Mountain House celebrates survivors with relay
by Anne Marie Fuller / For the Tracy Press
Jun 27, 2013 | 10444 views | 0 0 comments | 82 82 recommendations | email to a friend | print
Skarlet Settle, survivor coordinator for Relay For Life of Mountain House, gives a purple T-shirt and medallion to Connie Reding, a breast cancer survivor, on Saturday, June 22. The relay has raised more than $14,000 for the American Cancer Society. Anne Marie Fuller/For the Tracy Press
Skarlet Settle, survivor coordinator for Relay For Life of Mountain House, gives a purple T-shirt and medallion to Connie Reding, a breast cancer survivor, on Saturday, June 22. The relay has raised more than $14,000 for the American Cancer Society. Anne Marie Fuller/For the Tracy Press
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Reegan Snyder, 3-year-old daughter of Jennifer Snyder, was recognized with a purple T-shirt and medal at the Relay For Life of Mountain House on Saturday, June 22. Reegan was diagnosed in May with stage 2 ovarian cancer. Anne Marie Fuller/For the Tracy Press
Reegan Snyder, 3-year-old daughter of Jennifer Snyder, was recognized with a purple T-shirt and medal at the Relay For Life of Mountain House on Saturday, June 22. Reegan was diagnosed in May with stage 2 ovarian cancer. Anne Marie Fuller/For the Tracy Press
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Cancer patients and survivors embark on the first lap of the Relay For Life of Mountain House on Saturday, June 22. They were greeted by continuous applause as each survivor finished the lap. Anne Marie Fuller/For the Tracy Press
Cancer patients and survivors embark on the first lap of the Relay For Life of Mountain House on Saturday, June 22. They were greeted by continuous applause as each survivor finished the lap. Anne Marie Fuller/For the Tracy Press
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Mountain House held its second Relay For Life fundraiser Saturday, June 22, raising more than $14,000 for the American Cancer Society.

Participants gathered at Wicklund School, 300 E. Legacy Drive, for the opening ceremony at 10 a.m.

Michelle Mason, event chairwoman, introduced the daughter of Jennifer Snyder, 3-year-old Reegan Snyder, who was diagnosed in May with stage 2 ovarian cancer.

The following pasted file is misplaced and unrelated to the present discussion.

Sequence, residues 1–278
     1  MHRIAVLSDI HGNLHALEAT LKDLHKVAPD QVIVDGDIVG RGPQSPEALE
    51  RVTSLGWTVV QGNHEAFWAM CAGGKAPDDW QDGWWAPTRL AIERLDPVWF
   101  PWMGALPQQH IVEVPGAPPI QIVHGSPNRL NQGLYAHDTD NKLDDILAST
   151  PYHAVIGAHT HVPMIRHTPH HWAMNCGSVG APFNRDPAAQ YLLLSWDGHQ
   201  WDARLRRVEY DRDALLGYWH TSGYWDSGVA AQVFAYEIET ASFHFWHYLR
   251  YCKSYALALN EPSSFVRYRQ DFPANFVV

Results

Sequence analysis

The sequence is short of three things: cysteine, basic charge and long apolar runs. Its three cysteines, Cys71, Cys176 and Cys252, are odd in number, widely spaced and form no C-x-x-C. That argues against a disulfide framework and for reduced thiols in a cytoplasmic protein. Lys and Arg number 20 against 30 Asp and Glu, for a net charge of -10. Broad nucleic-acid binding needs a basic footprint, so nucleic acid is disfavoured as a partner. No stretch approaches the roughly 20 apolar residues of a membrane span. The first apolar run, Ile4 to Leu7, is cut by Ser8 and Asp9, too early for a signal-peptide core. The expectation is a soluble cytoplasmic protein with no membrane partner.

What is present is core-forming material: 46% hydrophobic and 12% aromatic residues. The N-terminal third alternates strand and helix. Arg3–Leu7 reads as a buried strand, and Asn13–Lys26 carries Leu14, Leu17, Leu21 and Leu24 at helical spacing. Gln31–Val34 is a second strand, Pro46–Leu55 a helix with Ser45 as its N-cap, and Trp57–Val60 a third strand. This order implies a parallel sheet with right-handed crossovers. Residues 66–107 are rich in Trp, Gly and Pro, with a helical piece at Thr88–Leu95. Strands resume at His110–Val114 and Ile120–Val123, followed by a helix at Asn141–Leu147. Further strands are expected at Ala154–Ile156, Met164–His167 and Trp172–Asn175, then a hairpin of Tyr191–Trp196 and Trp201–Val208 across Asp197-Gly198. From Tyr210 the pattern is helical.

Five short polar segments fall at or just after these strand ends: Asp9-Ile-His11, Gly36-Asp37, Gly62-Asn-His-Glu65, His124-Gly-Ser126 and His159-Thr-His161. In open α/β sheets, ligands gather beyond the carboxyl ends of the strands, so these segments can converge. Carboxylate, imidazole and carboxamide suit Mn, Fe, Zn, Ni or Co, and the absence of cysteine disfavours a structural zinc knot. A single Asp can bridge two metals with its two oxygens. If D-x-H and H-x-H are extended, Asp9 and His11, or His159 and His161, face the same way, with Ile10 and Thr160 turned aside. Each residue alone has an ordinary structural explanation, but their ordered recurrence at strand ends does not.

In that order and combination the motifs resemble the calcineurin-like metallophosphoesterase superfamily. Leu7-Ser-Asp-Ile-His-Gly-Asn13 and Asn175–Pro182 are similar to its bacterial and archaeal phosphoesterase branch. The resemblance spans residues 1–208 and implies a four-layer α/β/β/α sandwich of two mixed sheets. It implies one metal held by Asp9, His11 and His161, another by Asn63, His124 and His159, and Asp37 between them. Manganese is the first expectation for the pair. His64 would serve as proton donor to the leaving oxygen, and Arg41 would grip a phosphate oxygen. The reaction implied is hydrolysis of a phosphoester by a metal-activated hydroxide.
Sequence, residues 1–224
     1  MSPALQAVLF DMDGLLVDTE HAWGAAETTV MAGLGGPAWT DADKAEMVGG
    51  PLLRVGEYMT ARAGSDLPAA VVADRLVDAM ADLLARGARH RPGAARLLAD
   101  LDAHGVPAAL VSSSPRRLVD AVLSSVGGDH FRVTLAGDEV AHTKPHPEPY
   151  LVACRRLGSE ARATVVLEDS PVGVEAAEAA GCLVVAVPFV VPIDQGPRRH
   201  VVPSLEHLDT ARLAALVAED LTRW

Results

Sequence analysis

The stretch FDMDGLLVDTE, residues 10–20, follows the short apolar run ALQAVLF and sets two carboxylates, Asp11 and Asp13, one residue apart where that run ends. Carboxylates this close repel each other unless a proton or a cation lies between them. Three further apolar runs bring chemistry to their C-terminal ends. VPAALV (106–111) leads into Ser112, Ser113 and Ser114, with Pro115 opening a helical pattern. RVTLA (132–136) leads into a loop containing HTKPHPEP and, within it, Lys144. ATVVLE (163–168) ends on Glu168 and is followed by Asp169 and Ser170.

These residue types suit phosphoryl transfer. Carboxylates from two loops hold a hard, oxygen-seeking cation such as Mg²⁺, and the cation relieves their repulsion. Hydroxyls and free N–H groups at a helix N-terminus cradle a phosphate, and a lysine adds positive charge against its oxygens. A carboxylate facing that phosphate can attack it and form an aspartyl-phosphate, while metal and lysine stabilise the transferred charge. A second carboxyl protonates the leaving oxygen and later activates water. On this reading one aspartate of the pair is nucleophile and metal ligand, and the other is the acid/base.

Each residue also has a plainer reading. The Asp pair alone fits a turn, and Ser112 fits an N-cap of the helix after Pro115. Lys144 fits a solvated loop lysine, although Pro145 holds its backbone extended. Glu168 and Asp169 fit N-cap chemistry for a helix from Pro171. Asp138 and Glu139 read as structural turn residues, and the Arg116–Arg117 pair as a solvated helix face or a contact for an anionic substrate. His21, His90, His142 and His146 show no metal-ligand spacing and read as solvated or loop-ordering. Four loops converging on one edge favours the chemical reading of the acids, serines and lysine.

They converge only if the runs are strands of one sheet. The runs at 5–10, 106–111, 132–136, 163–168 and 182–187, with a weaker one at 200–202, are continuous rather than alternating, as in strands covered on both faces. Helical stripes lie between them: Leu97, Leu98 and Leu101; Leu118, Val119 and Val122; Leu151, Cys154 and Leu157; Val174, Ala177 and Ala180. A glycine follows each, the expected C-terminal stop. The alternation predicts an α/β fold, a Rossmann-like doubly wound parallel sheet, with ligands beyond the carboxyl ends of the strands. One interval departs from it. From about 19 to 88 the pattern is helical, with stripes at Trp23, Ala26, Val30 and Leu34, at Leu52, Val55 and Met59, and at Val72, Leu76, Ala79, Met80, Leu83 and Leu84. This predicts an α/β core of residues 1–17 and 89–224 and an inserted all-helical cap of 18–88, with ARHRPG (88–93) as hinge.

“This has been very emotional for us,” Snyder said. “Reegan has had two rounds of chemo and goes back for round three tomorrow.”

Snyder said the diagnosis has been difficult for Reegan and the family.

“You never expect this to happen to your own child,” she said. “Reegan doesn’t understand what cancer is. People here in the community have been so supportive of our family, I can’t thank them enough.”

The 24-hour event officially kicked off with a sea of purple shirts, as local cancer survivors embarked on the survivor’s lap around the open area. At the end of the opening lap, the survivors were greeted with continuous applause until the final person crossed the finish line.

Skarlet Settle, survivor coordinator for the event, got involved for personal reasons.

“I do Relay For Life for my husband, who is a cancer survivor,” she said. “Seeing the survivors, you realize the fight is not over. With hope, you can still fight.”

Among the activities featured at the event were an Oreo stacking contest and a doughnut eating contest. Special hair donations were made through the Locks of Love program. Hairstylist Christine Palmer, gave free hairstyling to those who donated their hair.

The evening took on a more somber note, as the annual Luminaria ceremony began. Candles glowed as members of the local community remembered loved ones who died because of cancer.

“Relay For Life is not just one day or one single event,” Mason, the relay chairwoman, said. “It is a year-long commitment to raise money and awareness in the fight against cancer. We celebrate our survivors, remember our loved ones and fight back against cancer.”

For information on the American Cancer Society, visit www.cancer.org.

Donations for Relay For Life of Mountain House will still be accepted through Aug. 31 at www.relayforlife.org/mountainhouseca.

• Contact the Tracy Press at 835-3030 or tpnews@tracypress.com.
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